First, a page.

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The HTTP request and how it relates to System.Net.HttpListener

This is part 2 of the sequel to "How to build a web based user interaction layer in C#". In this post, I will discuss how we can examine HTTP requests received from clients.

In part 1, we learn how we can get an instance of the System.Net.HttpListenerContext class whenever a client sends a HTTP request.

Continuing the sequel

The HTTP request received from the client will be represented as an instance of the System.Net.HttpListenerRequest class and is available via the Request property of the System.Net.HttpListenerContext instance.

HttpListenerRequest clientRequest = context.Request;

From the HttpListenerRequest instance, your C# program can examine the HTTP request received from the client.

The Url requested by the client

Uri requestUrl = clientRequest.Url;

The Url property contains an instance of the System.Uri class that represents the HTTP resource requested by the client. With the Uri instance, we can know which resource that a client wants to interact with, via the Uri.AbsolutePath property.

string requestAbsolutePath 
    = clientRequest.Uri.AbsolutePath;

The AbsolutePath property will contain the part of the url that is after the hostname and/or port and the first ? that denotes the first query string variable. For example,

/GetPersonName will be returned for

http://localhost:12345/GetPersonName?id=1

and

/GetPersonName&id=1 will be returned for

http://localhost:12345/GetPersonName&id=1.

If the second case occurs, your C# program can consider the case as a 404 immediately.

Query strings

Although we can get the query string via the Url property of our HttpListenerRequest instance, the QueryString property of the HttpListenerRequest instance provides better programmatic access to the query string values submitted by the client. The QueryString property is an instance of the System.Collections.Specialized.NameValueCollection class.

NameValueCollection queryStringCollection 
    = clientRequest.QueryString;
// Get the value of the variable named as "id"
// id will be null when client does not send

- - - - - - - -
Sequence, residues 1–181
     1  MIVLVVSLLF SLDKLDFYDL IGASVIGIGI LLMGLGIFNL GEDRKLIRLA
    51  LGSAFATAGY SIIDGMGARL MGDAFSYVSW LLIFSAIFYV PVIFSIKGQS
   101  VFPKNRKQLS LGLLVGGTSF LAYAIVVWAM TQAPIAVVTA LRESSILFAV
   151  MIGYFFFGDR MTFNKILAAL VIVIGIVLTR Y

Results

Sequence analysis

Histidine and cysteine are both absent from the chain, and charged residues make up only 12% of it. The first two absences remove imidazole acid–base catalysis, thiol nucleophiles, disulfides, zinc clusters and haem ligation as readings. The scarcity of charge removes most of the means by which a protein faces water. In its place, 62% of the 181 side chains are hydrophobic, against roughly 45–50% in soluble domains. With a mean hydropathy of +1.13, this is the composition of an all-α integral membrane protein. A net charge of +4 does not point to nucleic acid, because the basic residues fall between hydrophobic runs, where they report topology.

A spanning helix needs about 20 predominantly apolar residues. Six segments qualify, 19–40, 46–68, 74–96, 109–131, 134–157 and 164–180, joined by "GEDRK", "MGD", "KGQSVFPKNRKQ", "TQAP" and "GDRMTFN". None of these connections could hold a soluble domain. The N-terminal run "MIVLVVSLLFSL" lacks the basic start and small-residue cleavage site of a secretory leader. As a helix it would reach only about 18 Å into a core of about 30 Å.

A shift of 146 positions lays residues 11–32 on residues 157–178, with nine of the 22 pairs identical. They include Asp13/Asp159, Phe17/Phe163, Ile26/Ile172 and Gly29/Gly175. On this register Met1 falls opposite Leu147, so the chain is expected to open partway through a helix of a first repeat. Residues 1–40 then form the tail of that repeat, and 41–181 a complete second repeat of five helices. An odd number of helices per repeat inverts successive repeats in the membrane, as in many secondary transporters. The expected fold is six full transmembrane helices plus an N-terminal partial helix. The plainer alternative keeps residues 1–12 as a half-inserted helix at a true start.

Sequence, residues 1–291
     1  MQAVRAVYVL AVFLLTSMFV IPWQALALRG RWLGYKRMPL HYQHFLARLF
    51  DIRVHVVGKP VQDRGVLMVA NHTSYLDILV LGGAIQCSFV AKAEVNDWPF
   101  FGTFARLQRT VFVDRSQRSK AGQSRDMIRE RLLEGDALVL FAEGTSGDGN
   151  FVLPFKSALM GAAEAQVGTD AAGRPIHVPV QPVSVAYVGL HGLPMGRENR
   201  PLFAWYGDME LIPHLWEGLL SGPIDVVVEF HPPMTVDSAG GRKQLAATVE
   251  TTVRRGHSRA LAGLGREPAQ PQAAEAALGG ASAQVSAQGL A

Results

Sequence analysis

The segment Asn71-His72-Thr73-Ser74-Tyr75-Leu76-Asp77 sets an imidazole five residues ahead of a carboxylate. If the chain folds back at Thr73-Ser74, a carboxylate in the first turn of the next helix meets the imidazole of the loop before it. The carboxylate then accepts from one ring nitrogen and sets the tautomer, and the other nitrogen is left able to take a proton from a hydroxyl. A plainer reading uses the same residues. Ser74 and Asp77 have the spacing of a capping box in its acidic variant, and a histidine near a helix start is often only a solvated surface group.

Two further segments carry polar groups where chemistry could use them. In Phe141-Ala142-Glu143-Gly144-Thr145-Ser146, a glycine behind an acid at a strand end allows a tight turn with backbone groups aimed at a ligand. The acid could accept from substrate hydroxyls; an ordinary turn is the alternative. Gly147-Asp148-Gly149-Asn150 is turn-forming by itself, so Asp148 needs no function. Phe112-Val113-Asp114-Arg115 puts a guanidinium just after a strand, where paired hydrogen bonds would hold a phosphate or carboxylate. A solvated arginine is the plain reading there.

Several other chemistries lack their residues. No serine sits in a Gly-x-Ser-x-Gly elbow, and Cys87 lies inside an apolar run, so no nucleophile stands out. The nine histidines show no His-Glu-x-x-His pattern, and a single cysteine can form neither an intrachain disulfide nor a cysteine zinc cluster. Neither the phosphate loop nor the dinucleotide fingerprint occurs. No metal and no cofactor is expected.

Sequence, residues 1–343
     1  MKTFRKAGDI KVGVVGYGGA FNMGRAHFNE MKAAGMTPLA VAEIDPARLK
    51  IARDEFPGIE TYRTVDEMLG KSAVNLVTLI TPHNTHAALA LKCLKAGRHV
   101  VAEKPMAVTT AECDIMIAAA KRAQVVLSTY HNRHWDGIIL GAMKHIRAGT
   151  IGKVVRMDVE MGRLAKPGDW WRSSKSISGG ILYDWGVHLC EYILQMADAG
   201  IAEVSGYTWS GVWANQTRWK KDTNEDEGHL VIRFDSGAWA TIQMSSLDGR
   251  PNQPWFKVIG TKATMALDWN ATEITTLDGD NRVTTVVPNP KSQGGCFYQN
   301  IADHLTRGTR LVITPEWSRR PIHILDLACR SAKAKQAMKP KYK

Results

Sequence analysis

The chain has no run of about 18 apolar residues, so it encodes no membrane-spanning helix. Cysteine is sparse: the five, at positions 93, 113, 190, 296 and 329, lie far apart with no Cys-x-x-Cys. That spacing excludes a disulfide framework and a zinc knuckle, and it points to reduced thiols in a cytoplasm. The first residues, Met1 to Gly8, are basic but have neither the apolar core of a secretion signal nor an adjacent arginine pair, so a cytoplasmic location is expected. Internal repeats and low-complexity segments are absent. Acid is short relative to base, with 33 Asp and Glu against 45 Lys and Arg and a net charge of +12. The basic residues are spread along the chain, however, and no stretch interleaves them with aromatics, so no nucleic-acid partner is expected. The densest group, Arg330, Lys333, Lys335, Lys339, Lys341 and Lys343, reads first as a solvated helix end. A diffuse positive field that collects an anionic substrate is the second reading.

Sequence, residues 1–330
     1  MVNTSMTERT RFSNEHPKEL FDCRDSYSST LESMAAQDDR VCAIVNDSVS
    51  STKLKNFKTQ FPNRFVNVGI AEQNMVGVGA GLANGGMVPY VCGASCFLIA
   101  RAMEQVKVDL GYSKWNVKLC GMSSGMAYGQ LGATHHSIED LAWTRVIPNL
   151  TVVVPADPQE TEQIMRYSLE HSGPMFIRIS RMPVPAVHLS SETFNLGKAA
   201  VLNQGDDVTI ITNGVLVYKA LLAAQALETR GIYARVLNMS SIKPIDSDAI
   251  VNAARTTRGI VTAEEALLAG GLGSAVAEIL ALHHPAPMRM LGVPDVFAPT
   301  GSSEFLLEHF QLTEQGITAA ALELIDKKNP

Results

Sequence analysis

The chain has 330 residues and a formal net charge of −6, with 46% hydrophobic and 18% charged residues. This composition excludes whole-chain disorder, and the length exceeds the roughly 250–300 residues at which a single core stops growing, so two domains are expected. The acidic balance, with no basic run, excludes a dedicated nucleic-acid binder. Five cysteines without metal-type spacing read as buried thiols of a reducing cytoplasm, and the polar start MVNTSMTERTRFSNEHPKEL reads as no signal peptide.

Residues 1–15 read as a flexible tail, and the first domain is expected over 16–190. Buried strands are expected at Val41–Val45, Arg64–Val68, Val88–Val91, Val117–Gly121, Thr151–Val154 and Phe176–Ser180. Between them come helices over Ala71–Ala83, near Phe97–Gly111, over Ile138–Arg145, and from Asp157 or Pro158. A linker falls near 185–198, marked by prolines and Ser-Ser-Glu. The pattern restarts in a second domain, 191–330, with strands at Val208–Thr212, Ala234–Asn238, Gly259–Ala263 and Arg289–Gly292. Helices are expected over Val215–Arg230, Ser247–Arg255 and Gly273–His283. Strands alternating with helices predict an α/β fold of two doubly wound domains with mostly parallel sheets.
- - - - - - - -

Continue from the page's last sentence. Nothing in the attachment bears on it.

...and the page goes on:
// any query string variable named as "id"
string id = queryStringCollection["id"];

The HTTP method

string requestHttpMethod = clientRequest.HttpMethod;

With this information, your C# program can decide how to process input information from the client. For instance, if the client had indicated a HTTP Get, your C# program can take it that if there are any input from the client, it will be supplied as query strings. The System.Net.WebRequestMethods.Http class supplies the possible values that may be contained in the HttpMethod property of the HttpListenerRequest instance.

The content type

The content type denotes the type of content that is contained in the HTTP request.

string requestContentType = clientRequest.ContentType;

This value is used in conjunction with the HTTP method.

For HTTP Get, the browser typically don't fill up the content type field.

For HTTP post, two possible values are:

  • application/x-www-form-urlencoded
  • multipart/form-data; boundary=----SomeRandomText

Example for client sending a HTTP Post request with content type application/x-www-form-urlencoded.

Example for client sending a HTTP Post request with content type multipart/form-data; boundary=----SomeRandomText.

The HTTP request body

The HTTP request body is most probably filled up by the client for a HTTP post. To read the HTTP request body in your C# program, you can use the InputStream property of the HttpListenerRequest instance.

Stream requestBodyStream = clientRequest.InputStream;

Next in the line

This concludes part 2 of "How to build a web based user interaction layer in C#".

In part 3, I will discuss the HTTP response and how it relates to System.Net.HttpListener.

Related posts

To digress, the following is a list of posts that relates to sending HTTP requests to web servers. Feel free to look through them as well. 🙂 For the adventurous, you can probably use the methods discussed in these post

Further reading elsewhere

What I have mentioned in this post is probably enough for your C# program to process HTTP requests received from clients in most situations. If your program needs to get more information from HTTP requests received from clients, check out the MSDN reference for the System.Net.HttpListenerRequest class.

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About Clivant

Clivant a.k.a Chai Heng enjoys composing software and building systems to serve people. He owns techcoil.com and hopes that whatever he had written and built so far had benefited people.

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